Baseball3
   
Most
of the time baseball is a game that is won before the first pitch is
ever thrown so preparation is the key (Note: I only say most of the
time because I shudder at universal statements). Sure the walk off
Larry gets the most attention but how much preparation goes into that
moment? How many decisions over the course of the game lead to that
moment? Recently I watched a game end in a 2-0 shut out. The losing
pitcher gave up zero earned runs. He still lost. I wonder if the short
stop or the right fielder put in enough practice time to be confident
in that game situation.
    It always amazes me how people seem to
think that successful people just wake up one day as successful people.
It just doesn’t work that way. It takes hard work and preparation. The
will to win without the will to prepare to win is useless.
   
Success follows preparation, period. It’s true in baseball and it’s
true in life. I used to work in the food service business and nowhere
was this principle more evident to me than there. The difference
between successful servers and non-successful servers was the fact that
the successful ones prepared. The difference in a good shifts and bad
shifts was the level of preparation that went into each shift.
   
No one can step up to a plate and just hit successfully. No pitcher can
be successfully over the long haul if he doesn’t prepare. If he doesn’t
hone his skill and study his opponent he will not succeed on pure
talent alone. It’s in the preparation that we hone those skills. How
does a guy who can’t hit a curveball learn to hit it? You guessed it,
preparation. So baseball has taught me that preparation is the key to
success. Prepare, prepare, prepare. Study, study, study.
    Hone
your skills. If you try something and fail, study what you did. Look at
what went right, what went wrong. Schedule time in your day to look at
what you’re doing. Take time to prepare. Have a will to prepare, at the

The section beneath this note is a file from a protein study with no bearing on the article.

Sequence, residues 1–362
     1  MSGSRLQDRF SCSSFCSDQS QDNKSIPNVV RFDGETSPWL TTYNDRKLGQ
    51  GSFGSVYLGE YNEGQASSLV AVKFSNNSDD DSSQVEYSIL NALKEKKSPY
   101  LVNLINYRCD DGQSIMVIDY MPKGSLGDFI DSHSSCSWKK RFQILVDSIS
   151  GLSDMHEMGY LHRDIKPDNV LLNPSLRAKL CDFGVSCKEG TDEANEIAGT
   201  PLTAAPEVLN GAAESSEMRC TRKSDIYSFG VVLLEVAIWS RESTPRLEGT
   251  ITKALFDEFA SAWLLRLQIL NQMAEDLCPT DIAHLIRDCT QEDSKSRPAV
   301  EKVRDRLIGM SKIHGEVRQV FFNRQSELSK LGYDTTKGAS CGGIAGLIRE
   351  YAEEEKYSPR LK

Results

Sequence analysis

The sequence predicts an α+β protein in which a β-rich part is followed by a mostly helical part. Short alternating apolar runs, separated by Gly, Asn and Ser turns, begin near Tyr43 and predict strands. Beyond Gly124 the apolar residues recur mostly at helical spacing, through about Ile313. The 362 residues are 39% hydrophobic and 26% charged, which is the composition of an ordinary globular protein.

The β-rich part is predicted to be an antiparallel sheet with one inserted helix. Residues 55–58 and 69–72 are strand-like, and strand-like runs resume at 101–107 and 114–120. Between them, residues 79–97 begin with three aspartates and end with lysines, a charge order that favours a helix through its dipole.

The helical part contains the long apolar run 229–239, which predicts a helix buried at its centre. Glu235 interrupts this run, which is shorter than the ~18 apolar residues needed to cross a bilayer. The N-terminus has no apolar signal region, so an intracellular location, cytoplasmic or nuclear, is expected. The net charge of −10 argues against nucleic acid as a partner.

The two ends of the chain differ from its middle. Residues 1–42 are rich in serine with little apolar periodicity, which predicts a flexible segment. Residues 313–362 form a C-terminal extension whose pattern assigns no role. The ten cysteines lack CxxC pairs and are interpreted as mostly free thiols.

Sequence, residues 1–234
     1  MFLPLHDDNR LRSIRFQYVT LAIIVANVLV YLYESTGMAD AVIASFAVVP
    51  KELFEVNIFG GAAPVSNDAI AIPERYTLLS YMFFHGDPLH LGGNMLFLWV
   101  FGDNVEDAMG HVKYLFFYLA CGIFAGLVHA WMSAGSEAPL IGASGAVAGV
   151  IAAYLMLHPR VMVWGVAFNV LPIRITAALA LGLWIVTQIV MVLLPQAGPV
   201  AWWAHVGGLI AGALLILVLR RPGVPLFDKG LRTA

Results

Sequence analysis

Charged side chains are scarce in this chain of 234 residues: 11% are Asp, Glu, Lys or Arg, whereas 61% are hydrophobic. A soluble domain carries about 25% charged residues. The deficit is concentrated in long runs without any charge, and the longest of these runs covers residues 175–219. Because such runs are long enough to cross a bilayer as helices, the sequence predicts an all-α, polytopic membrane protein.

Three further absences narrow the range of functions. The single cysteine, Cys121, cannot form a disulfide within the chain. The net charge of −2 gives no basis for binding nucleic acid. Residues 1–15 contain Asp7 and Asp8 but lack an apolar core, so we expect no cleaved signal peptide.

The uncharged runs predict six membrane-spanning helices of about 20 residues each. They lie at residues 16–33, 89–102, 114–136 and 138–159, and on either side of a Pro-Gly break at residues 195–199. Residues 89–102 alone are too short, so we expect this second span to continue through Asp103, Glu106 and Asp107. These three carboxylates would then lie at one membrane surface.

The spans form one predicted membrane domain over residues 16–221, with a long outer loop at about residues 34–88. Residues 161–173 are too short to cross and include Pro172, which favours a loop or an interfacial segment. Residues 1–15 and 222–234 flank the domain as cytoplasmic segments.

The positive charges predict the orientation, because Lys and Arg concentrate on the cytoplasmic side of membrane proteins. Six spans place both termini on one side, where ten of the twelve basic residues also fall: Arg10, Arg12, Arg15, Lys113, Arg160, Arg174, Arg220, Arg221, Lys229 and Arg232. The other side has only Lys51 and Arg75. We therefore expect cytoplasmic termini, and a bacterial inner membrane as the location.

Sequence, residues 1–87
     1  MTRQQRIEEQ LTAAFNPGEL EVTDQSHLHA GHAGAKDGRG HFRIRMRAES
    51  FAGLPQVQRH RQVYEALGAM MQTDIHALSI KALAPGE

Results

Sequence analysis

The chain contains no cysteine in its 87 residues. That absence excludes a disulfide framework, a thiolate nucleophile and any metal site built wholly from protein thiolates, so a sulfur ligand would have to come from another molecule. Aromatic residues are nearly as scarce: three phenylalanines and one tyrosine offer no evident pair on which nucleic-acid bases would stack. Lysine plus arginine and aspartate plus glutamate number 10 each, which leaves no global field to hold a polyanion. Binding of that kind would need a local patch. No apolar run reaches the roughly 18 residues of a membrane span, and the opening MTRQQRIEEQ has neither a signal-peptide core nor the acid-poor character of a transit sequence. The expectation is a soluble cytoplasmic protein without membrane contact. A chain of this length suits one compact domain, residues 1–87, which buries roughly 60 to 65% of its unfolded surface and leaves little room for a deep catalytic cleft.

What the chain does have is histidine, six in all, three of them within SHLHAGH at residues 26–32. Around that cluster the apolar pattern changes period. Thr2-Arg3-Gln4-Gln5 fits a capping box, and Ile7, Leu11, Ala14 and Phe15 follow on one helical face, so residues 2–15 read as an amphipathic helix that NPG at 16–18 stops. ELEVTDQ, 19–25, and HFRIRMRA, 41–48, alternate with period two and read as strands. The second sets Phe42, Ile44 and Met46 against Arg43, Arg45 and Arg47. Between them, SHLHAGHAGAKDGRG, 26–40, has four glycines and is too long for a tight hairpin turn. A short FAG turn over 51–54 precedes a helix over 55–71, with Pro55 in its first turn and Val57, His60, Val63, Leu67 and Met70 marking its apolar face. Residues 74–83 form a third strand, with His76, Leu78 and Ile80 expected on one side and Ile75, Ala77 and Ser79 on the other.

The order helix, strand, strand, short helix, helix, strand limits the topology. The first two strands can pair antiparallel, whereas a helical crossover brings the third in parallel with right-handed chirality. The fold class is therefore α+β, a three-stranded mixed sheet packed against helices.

end of the day that is far more important than your will to win.

Bloomburg on Melvin: “Here’s a baseball man moonlighting as a businessman. And failing miserably.”

Bloomberg.com has an interesting article concerning Doug Melvin. A discussion that I have been having for years regards the fact that many, if not most of the guy’s running the MLB teams have no idea what they are doing. They don’t know how to be competitive and successful. More of that later. Here are two of my favorite quotes from the article, which can be read in its entirety here:

[Melvin]…shows a complete lack of understanding of a
superior athlete’s desire to feel wanted and the business behind
baseball in the Bronx, especially at this moment in franchise
history.

and

Let’s hope the businessman explains the basics to the
baseball man.

Heading in the Right Direction…

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One of the realities you learn to live with when you cheer
for the Yankees is everyone complaing about the Yankees “buying a championship.”  It  usually
sounds like this:

Me: I like the Yankees

Them: OH they just wah wah wah wah wah, buy, wah wah wah,
cry cry cry, their, wah  wah wah,
championships.

 

I get so tired of hearing it. As if it’s the Yankees fault
that half the world buys their stuff and that they are the most successful
franchise in the history of the world.  

This year is no exception. Of course with the signing of
C.C. and AJ this year is no different. But is it true? Of course, the Yankees
haven’t won a world series in years despite adding to their line-up and their
payroll. This year, things seem a little different though, the Yankees are getting
younger and their going after pitching.

The Yankees farm system is stacked with pitching talent and
they are building the talent on the fielding side.  They currently have in the system Ian
Kennedy, Austin Jackson, and Philip Hughes–all potential big timers

Next years starting rotation looks something like this:

1.      
Sabathia, 28 yo

2.      
Burnett, 32 yo

3.      
Wang, 29 yo

4.      
Chamberlain, 23 yo

5.      
Pettite, 36 (I am speculating here)

This is where the Yankee haters are most bothersome. If this
rotation were the Mets, or the Red Sux the world wide miss leader would be
heralding it as one of the greatest potential rotations ever.  Yes, the 2009 Yankees have some holes to
fill. Yes, they may not be where they want to be yet, but they are moving in
the right direction and the last few months have proven that.

The Yankees may well be the team to beat in ’09.